Escape Rating B: All of the Arcane Society’s chickens have come to roost on Harmony to lay some VERY bad eggs. Some, but not all, are Easter Eggs in this book for anyone who has ever read any of the author’s interconnected series, her historical Arcane Society (written as Amanda Quick), her contemporary Arcane Society (written as Jayne Ann Krentz) and her futuristic Harmony (sometimes referred to as Ghost Hunters) books, of which Guild Boss is the 14th, written as Jayne Castle. (The author referred to it as the “Jayneverse” although I personally prefer “Arcaneverse” as a collective title).

I actually read this back in May when I first picked up the eARC. I have to admit that it didn’t grab me at the time the way that this author’s books usually do, no matter what pen name they are written under. And because I didn’t get into it the way I usually do, I didn’t write it up.

Having reread it over the holiday weekend, I’m not sure what happened the first time that it didn’t work for me, because it certainly did this time. Whether it was the right book at the right time now when it wasn’t then, or I’m just in the mood for an action/adventure type romance, I don’t know. But I did like Guild Boss the second time around quite a lot so I’m glad I went back to it.

One of my favorite things about the Harmony series are the dust bunnies. Every single one of them has a personality that is just so huge compared to their size. And they are, every last one of them, inveterate scene stealers. Otis is no exception. In fact, he loves to be in front of the camera. Any camera. All the cameras. For a dust bunny he’s kind of a ham.

The mystery in this one is big and convoluted and it’s a bit easy to get lost in it. There are a lot of moving pieces and it doesn’t quite all tie up neatly. Likewise, the romance is hot and electric, but a bit on the instalove side of that equation.

I think I felt like a couple of issues were a bit unresolved or got swept under the carpet. When Gabriel comes back to Illusion Town, Lucy, well, I want to say she didn’t make him grovel enough but her situation wasn’t his fault. At the same time, it’s understandable that she blamed him for it. That internal conflict, and it is mostly internal, got wrapped up a bit too easily, especially considering how often she chided him throughout the book about her being just another mission to him and how focused he was on climbing the Guild ladder.

It also seemed like her conflict with her parents was left hanging. Not that life’s conflicts generally get wrapped up with a tidy bow, but their disappointment and disapproval was a bit Chekhov’s Gun, even if the only possible resolution would be inside her head.

All of that being said, my re-read of Ghost Boss was much more fun than my original read, so I’m very glad I took the trip back to Harmony. While it looks like it’s going to be awhile before the author returns to Harmony, I still have two books with her signature blend of romance, adventure and psychic phenomena to look forward to this year, Lightning In a Mirror next month and When She Dreams in May. I expect them both to be marvelous reading treats, just as Guild Boss turned out to be!

Review: Witch, Please by Ann Aguirre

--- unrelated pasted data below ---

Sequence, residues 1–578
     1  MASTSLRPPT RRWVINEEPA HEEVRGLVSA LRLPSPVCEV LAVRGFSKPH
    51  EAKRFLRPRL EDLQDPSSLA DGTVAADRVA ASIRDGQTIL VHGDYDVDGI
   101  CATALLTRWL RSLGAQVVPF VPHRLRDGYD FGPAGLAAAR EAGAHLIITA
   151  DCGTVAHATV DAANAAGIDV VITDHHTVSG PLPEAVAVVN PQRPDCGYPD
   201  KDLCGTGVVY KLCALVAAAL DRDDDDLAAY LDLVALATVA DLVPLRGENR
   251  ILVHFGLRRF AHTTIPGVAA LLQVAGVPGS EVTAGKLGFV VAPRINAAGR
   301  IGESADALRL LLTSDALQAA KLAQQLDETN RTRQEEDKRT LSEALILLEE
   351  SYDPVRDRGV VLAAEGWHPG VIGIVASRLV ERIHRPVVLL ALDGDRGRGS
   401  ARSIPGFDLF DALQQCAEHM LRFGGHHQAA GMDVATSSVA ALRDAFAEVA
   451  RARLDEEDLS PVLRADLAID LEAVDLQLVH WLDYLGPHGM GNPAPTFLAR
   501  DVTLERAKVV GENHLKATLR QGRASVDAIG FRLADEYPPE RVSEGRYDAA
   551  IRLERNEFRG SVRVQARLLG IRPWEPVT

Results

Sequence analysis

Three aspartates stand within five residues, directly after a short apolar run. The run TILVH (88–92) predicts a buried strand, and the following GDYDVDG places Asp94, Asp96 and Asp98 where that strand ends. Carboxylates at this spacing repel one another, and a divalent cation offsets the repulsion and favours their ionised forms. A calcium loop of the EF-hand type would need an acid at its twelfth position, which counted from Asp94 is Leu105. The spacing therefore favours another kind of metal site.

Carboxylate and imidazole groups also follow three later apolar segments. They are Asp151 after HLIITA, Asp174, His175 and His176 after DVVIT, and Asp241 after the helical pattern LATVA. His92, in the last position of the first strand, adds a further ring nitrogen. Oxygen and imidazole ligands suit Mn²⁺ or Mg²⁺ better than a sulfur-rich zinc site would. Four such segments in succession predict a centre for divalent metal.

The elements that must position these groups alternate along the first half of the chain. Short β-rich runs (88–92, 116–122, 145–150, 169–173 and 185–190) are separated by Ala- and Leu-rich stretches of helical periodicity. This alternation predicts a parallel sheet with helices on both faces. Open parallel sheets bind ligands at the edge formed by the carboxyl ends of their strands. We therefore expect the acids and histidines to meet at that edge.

Review: Witch, Please by Ann AguirreWitch Please (Fix-It Witches, #1) by Ann Aguirre
Format: audiobook, eARC
Source: supplied by publisher via NetGalley
Formats available: paperback, ebook, audiobook
Genres: contemporary romance, paranormal romance
Series: Fix-It Witches #1
Pages: 363
Published by Sourcebooks Casablanca on September 7, 2021
Purchasing Info: Author's WebsitePublisher's WebsiteAmazonBarnes & NobleKoboBook Depository
Goodreads

Practical Magic meets Gilmore Girls in this adorable witchy rom-com with:
• A bisexual virgin baker with a curse• A witch looking to avoid romantic entanglements• And a chemistry between them that causes literal sparks

Danica Waterhouse is a fully modern witch—daughter, granddaughter, cousin, and co-owner of the Fix-It Witches, a magical tech repair shop. After a messy breakup that included way too much family “feedback,” Danica made a pact with her cousin: they’ll keep their hearts protected and have fun, without involving any of the overly opinionated Waterhouse matriarchs. Danica is more than a little exhausted navigating a long-standing family feud where Gram thinks the only good mundane is a dead one and Danica’s mother weaves floral crowns for anyone who crosses her path.
Three blocks down from the Fix-It Witches, Titus Winnaker, owner of Sugar Daddy’s bakery, has family trouble of his own. After a tragic loss, all he’s got left is his sister, the bakery, and a lifetime of terrible luck in love. Sure, business is sweet, but he can’t seem to shake the romantic curse that’s left him past thirty and still a virgin. He’s decided he’s doomed to be forever alone.
Until he meets Danica Waterhouse. The sparks are instant, their attraction irresistible. For him, she’s the one. To her, he’s a firebomb thrown in the middle of a family war. Can a modern witch find love with an old-fashioned mundane who refuses to settle for anything less than forever?

My Review:

Happy families may be all alike, and every unhappy family may be unhappy in its own way, but there should be an exception for intrusive families, which are more alike in their unhappiness than the paraphrase from Tolstoy would lead one to expect.